Here’s Part 2 of our 4-part review of Daft Punk’s Homework. If you haven’t checked out Part 1 you can do so here.
6. Fresh – If you didn’t know this one had a video, you’re not alone. Originally included as part of DP’s D.A.F.T.: A Story About Dogs, Androids, Firemen and Tomatoes DVD, this vid has gained popularity on Youtube and the like and serves to wrap up the story begun about Charles, our favourite canine/human from “Da Funk”. Not to mention, it was Daft Punk themselves who directed this single-shot clip. The tune itself has the French-touch filters swirling throughout and serves as a sunny, surf-y, beach-like tune; chilled out enough to lounge to, but funky enough to get your groove on as well. As far as composition, rumours abound (the way rumours abound about damn near every track they make) that it is based on a sample from “Just the Way You Are” – Billy Joel. Maybe it does, maybe it doesn’t. It’s a very cool, laidback track nonetheless, possibly done in tribute to Brian Wilson, a quote from whom adorns the liner notes of the LP/CD. Great for a chill-out set or a nice transition tune.
7. Around the World – Before delving into the meat of this masterpiece, I would like to clear something up once and for all: I don’t care what people on Internet forums, Youtube or the idiots who put together that stupid piece of crap compilation “Discovered”, which allegedly contains all of the original tracks Daft Punk have sampled over the years (it doesn’t, BTW) have to say:
THERE ARE NO SAMPLES IN THIS TRACK AND THERE NEVER HAS BEEN. NOTHING. NO “REC ROOM” – JERRY GOLDSMITH SAMPLES, NO SAMPLES OF THE BASSLINE FROM CHIC’S “GOOD TIMES”, NOT A THING. STOP WASTING YOUR LIVES TRYING TO FIGURE IT OUT, JUST ENJOY THE TUNE AND REMEMBER, DAFT PUNK MAY SAMPLE FROM TIME TO TIME, BUT THEY ARE PERFECTLY CAPABLE OF PLAYING INSTRUMENTS AND RECORDING ORIGINAL SOUNDS.
Thank you for letting me put that out there, now down to business. This has to be my favourite Daft Punk tune to play out live; it works to this day and sounds funkier and fresher than half the stuff sitting in your local music store’s electronic section. Funky as anything you’ve ever heard and clearly influenced by the classic bassline from “Good Times”, this track sums up the best of what the boys can do and remains a centrepiece of the album. Throw in a vocoded hook and everything in this tune is in absolute perfect sync. The video, also my favourite from the boys, takes this concept one step further by having the robots, skeletons, mummies and dancers not only perform in sync, but each of the characters dance to the unique rhythm of the beat, bassline, keyboard riffs and vocals respectively. Probably one of the best instances of choreography I can name, the video is a pure classic, just like the tune it is made for. The track’s funky, futuristic disco sound can bring a smile to anyone’s face (I’ve heard dancers yell out “classic!” and “here we go..!” many, many times) and really gets the feet moving. A masterpiece contained within a masterpiece if you will, this one never disappoints and there’s rarely a gig I play where this doesn’t get some air time.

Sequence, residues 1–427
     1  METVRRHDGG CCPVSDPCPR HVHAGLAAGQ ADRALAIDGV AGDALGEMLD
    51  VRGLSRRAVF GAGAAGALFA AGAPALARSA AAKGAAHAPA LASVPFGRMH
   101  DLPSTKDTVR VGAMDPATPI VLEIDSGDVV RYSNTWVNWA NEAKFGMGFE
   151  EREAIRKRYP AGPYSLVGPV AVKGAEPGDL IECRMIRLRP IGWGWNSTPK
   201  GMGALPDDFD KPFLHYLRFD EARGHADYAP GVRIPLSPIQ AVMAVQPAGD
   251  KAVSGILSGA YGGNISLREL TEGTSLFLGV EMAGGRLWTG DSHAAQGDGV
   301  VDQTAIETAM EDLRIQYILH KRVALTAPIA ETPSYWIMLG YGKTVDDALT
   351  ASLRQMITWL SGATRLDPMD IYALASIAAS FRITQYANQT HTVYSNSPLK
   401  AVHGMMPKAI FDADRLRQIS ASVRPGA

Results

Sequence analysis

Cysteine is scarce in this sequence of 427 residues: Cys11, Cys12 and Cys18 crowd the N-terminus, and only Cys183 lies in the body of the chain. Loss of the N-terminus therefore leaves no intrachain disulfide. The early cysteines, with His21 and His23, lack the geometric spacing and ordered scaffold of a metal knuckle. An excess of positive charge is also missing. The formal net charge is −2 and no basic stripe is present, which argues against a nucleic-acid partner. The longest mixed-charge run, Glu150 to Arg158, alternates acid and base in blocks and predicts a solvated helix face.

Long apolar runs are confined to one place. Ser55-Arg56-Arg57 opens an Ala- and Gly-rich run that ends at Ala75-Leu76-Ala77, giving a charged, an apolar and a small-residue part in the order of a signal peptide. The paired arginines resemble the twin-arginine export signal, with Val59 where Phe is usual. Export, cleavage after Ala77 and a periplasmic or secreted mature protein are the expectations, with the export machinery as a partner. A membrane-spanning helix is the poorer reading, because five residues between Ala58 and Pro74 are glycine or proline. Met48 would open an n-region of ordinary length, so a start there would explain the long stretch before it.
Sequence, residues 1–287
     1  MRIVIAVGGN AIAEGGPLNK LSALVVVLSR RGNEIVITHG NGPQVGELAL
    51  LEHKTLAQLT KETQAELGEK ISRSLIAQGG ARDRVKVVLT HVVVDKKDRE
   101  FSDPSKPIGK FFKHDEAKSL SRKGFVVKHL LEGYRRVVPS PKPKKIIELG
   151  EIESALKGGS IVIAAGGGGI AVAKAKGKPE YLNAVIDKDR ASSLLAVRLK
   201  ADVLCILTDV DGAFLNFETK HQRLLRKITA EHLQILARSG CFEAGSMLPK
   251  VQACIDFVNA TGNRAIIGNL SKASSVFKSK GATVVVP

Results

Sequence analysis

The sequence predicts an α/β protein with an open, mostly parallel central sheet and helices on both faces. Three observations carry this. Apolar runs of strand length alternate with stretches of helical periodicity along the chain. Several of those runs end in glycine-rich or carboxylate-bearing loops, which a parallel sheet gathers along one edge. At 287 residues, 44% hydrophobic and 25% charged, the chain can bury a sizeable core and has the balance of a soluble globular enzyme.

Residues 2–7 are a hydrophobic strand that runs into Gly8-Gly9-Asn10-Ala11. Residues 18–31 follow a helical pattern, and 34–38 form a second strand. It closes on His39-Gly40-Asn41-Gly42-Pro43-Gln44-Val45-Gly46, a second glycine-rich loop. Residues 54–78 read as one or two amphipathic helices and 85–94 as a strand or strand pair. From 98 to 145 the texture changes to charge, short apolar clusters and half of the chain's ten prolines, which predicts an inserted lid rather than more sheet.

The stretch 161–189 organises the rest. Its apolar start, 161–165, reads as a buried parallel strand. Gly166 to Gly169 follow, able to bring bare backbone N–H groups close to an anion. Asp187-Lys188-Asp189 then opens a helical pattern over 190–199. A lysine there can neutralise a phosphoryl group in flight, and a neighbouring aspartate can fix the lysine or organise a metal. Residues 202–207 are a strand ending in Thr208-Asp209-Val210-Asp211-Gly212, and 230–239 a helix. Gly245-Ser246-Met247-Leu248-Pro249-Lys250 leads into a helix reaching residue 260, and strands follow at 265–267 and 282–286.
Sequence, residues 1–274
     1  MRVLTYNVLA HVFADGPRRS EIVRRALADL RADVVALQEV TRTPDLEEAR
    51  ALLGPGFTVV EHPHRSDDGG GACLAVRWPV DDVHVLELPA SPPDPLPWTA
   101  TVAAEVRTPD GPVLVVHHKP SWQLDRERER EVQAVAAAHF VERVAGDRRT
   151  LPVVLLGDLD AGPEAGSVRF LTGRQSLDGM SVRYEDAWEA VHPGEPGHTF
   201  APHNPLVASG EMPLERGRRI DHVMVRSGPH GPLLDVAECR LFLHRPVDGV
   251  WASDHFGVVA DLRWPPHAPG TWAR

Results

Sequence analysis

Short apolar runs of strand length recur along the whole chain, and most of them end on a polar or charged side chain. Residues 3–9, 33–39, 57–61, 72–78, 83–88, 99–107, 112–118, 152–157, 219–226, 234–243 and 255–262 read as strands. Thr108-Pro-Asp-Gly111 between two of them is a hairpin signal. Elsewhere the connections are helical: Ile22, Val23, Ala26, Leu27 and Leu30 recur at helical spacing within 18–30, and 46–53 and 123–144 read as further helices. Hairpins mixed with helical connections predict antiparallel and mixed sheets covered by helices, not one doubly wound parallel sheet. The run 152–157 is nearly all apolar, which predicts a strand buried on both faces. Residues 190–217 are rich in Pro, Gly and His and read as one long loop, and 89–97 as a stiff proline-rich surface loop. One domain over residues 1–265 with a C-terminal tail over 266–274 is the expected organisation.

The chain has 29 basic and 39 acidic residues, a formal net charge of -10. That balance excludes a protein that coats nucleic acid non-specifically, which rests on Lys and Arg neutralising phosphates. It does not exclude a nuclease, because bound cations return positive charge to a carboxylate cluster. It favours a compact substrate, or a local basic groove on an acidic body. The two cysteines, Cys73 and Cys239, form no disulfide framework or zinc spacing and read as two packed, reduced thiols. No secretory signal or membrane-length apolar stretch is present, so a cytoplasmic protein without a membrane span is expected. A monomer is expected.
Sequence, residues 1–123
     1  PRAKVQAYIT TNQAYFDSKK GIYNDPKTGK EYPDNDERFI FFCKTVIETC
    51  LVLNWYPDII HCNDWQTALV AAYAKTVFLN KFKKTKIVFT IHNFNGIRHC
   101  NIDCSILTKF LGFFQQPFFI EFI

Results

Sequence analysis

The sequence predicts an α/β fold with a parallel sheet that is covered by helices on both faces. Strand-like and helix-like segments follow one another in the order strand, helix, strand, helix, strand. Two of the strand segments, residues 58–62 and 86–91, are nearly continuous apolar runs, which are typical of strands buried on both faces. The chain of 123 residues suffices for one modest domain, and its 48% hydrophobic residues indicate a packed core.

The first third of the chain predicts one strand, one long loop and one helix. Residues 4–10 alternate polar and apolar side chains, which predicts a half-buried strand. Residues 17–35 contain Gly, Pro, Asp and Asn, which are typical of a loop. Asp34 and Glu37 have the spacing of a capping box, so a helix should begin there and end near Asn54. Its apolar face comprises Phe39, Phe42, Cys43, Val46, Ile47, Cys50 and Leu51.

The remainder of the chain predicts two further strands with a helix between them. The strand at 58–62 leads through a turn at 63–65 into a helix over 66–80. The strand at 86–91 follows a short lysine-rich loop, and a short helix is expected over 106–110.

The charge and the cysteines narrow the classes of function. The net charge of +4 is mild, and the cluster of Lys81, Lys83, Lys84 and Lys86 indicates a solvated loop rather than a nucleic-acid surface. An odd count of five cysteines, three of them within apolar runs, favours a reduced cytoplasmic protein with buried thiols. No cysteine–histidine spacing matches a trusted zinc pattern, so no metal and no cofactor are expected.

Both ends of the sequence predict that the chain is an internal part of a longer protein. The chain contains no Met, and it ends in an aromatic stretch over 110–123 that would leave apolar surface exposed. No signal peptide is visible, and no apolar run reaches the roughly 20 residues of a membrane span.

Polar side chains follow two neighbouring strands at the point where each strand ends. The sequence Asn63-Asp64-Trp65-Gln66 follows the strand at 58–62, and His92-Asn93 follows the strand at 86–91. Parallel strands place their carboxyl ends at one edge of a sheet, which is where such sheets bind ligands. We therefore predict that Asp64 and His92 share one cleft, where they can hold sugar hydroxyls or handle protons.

7. Rollin’ & Scratchin’ – Originally released as the B-side of “Da Funk” on Soma Quality Recordings, this is a love it or hate it tune for a lot of fans. It’s long, repetitive, hard, harsh-sounding techno and sounds like an intentional attempt to fuse all of the sounds that made up a “typical” sounding techno track at the time. Nevertheless, I absolutely love mixing this in my harder sets and then taking the EQs and filters on my mixer and going completely nuts with them. Peaking and dropping three times during its 7-plus minutes, it demonstrates that you really don’t need to layer a whole lot of sounds on top of one another to make a great track. Bass, hi-hats, kick, and some synth stabs and you’re there. In fact, this fell out of favour with a lot of ravers at the time because everyone was playing it. Now, having had a chance to cool down a little, it’s a classic piece of hard-house/techno that I truly enjoy digging out. Whether layered with an acapella over top or just played out by itself, this kicks the energy in a party way up and lets the crowd know the DJ has some balls. It’s also been a big part of their lives shows, check out the video clip above to see what I mean.
Well, we’ve covered the first two sides of Homework, now we move on to the last two. Keep checking back for our next installment of our review of this house masterpiece!